Growing Blueberries

ripe blueberries ready for harvestRipe Blueberries Growing in the Garden

Our tips for growing blueberries in your garden will show you just how simple it can be to have your own supply of sweet, fresh blueberries!

Learn how to plant, grow, care for and harvest blueberries in your backyard for best fresh blueberry results!

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Even for gardeners who lack a lot of gardening space, planting blueberries can be successfully achieved for years of enjoyment!

Not to mention the nutritious berry harvest in the summertime as an added bonus...

The shrubs which grow to about five or six feet high make an attractive hedge, a background for vegetables, or a boundary between properties.

Two plants each of several of the most popular varieties should provide sufficient fresh berries with a surplus for freezing and preserving.

A mixture of varieties, typically two of each variety is required for pollination.

By growing blueberry varieties that are early, middle, and late harvest types, a harvest of berries from early to midsummer can be expected!

Planting Blueberries

small newly planted blueberry bushNewly Planted Blueberry Bush

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  • The best berries are produced from plants exposed to full sun.
  • Although, fairly good harvests can be gathered if blueberry bushes are grown in half shade.
  • The soil should be acid around pH 5 and rich in compost.
  • You can hardly overdo the organic matter for growing blueberries.
  • Peat moss is a good source of organics and should be mixed in generously into the planting holes.

How to Grow Blueberries

best tips for growing blueberriesBest Tips for Growing Blueberries

If your soil grows rhododendrons, azaleas, camellias, and other plants that prefer acid soils, you will have no trouble growing blueberries.

  • Plant the bushes in early spring or fall of the year.
  • Set the plants about 6 to 8 feet apart.
  • Then apply thick mulch, from 3 to 6 inches deep, of hemlock sawdust, wood chips, leaf mold, or compost.
  • A mixture of all the above can be used.

Mulching and Fertilizing Growing Blueberries

Add a Layer of Mulch when Growing BlueberriesAdd a Layer of Mulch when Growing Blueberries
  • Maintain the mulch from year to year, adding more if needed.
  • In spring, apply a complete or organic fertilizer such as cottonseed meal at a rate of about one ounce of fertilizer per plant for each year of age up to eight years old.
  • For example, if the plants are three years old, apply three ounces of fertilizer.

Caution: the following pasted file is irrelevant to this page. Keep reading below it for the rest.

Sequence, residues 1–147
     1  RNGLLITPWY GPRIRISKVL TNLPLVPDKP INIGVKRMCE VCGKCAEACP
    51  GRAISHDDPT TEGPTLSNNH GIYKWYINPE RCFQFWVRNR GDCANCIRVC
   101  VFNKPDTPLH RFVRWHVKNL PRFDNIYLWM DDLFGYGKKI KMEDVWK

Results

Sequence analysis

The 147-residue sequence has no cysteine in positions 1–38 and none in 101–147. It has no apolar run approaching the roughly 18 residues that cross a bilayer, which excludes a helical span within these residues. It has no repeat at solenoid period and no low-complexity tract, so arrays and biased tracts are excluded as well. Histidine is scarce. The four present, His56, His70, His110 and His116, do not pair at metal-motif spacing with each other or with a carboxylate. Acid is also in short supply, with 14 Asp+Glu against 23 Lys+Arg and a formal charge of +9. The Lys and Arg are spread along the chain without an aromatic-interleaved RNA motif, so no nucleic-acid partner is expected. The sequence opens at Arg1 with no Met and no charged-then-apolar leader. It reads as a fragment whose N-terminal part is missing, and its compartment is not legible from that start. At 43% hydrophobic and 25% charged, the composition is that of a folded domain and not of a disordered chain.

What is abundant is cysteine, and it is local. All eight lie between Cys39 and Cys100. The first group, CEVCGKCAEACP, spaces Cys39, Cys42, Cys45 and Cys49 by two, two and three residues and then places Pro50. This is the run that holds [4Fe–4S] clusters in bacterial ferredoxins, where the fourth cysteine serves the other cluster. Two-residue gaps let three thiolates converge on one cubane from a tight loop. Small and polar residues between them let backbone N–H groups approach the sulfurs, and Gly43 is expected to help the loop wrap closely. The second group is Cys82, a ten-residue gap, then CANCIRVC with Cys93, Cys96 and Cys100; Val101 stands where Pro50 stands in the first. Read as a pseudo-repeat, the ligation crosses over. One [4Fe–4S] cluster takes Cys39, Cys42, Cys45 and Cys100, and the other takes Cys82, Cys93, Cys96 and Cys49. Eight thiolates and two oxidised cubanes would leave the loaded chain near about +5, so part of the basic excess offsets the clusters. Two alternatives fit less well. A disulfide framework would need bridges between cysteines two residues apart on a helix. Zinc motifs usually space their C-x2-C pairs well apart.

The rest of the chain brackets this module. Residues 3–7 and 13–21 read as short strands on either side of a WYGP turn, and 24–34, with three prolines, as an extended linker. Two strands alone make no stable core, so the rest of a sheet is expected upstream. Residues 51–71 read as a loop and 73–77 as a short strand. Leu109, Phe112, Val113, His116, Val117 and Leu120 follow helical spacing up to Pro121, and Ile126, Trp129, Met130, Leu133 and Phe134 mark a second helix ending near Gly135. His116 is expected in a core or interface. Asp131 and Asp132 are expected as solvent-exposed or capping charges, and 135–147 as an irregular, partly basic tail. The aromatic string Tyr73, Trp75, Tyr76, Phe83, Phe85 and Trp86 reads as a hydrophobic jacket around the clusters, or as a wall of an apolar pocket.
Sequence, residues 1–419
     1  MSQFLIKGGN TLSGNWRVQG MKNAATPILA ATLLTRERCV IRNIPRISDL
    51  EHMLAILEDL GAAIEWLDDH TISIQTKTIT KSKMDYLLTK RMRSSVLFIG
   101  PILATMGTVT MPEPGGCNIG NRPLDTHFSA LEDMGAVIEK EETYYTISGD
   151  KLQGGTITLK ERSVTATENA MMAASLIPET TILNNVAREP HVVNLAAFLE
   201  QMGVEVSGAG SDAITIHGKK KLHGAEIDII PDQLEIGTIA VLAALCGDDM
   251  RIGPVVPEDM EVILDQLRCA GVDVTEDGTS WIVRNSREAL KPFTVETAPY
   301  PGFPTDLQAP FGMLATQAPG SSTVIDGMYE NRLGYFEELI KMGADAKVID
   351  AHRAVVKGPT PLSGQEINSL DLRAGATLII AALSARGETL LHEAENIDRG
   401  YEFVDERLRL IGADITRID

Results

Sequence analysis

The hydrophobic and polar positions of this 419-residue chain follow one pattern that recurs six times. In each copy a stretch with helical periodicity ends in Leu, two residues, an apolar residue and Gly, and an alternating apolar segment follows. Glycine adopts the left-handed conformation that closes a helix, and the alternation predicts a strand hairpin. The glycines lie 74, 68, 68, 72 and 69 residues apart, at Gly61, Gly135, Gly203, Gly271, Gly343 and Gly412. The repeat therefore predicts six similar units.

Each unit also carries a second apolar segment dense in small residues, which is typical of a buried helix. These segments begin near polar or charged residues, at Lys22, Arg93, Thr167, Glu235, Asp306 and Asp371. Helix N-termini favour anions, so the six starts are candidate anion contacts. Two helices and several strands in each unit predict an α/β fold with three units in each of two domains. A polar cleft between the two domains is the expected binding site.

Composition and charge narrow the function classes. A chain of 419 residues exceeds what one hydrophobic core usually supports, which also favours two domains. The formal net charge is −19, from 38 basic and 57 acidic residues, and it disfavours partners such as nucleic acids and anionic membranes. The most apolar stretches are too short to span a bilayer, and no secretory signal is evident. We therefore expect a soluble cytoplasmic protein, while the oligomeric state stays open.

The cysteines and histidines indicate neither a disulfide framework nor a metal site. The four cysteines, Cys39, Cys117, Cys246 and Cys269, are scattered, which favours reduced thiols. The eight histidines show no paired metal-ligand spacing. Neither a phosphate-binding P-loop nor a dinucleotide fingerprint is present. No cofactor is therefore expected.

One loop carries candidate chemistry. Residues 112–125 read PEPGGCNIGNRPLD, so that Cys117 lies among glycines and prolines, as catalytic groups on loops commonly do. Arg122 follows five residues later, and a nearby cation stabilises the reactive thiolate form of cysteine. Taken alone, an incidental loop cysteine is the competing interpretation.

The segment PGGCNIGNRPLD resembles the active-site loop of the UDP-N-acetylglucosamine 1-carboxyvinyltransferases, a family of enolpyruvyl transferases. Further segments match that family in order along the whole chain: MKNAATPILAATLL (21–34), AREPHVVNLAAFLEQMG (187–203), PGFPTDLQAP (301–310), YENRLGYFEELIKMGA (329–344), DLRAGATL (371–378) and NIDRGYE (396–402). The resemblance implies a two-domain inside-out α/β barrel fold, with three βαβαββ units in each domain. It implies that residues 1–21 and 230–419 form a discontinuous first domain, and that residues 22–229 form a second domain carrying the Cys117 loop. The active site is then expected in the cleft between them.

• Two-year old plants are typically shipped from nurseries, so unless specified that the plants are one year old, supply two ounces of fertilizer the first year.
Fertilizer for Blueberry PlantsFertilizer for Blueberry Plants
  • Usually a second application of fertilizer is applied about the middle of June, at a rate of ½ pound for a plant that is over three years old.
  • When sawdust is used as the mulch, twice as much fertilizer should be applied.
  • Use 1 ½ times as much as directed above when you are using mulch made of leaves or wood chips.

Blueberry Plant Pests--Birds!

Try Hanging "Scare Birds" to Keep other Birds from Your BlueberriesTry Hanging "Scare Birds" to Keep other Birds from Your Blueberries

The pests you have to worry the most about when growing blueberries are the birds.

They can decimate the crop, of given free rein.

Many birds just seem to love blueberries.

Light weight netting is available to throw over the bushes to ensure the luscious berries are saved for your family.

The best way to cover blueberry bushes for protection from the birds thieving all your delicious berries is to use black plastic mesh.

You can purchase these protective covers at local garden centers and they will last for years.

However, I have seen robins hop from the ground, and climb up inside the netting to try and sneak a few blueberries anyway!

Mylar Streamers and Scare-Eye Balloons, Scare Birds, Scarecrows

Some growers also use shiny Mylar streamers, or a balloon-type scare-devices with an eye in the center that is supposed to help scare the birds away.

"Scare Birds", designed to look like predator birds, can also be an effective deterrent to garden pests.

Scarecrows can work for a while also, but birds seem to quickly realize what is a real threat, and what is not!

These types of devices can be helpful, but be sure to move them around frequently, as the birds become will become accustomed rather quickly if the devices aren't moved or changed.

Cannons, hawks, falcons, and loud music have also been tried by a few desperate gardeners!

Hopefully you won't have to resort to such tactics!

fresh growing blueberry clumpGrowing Blueberries

Harvesting Blueberries

Harvesting Blueberries from the GardenHarvesting Blueberries from the Garden

Pick only ripe berries because partially ripened ones are sour-tasting.

Blueberries do not become sweeter when they are picked from the bushes but they do become softer.

To know the time is right, after the blueberries show full color, wait about a week before harvesting.

On the other hand, berries on the plant never ripen all at once, so frequent picking is necessary.

Enjoy eating your fresh blueberries, and don't forget to try your hand at making blueberry pie.

To find our favorite blueberry pie recipe, click on the link below. It's a treat you won't soon forget!

blueberry pie with whippped toppingFresh Blueberry Pie--Yum!

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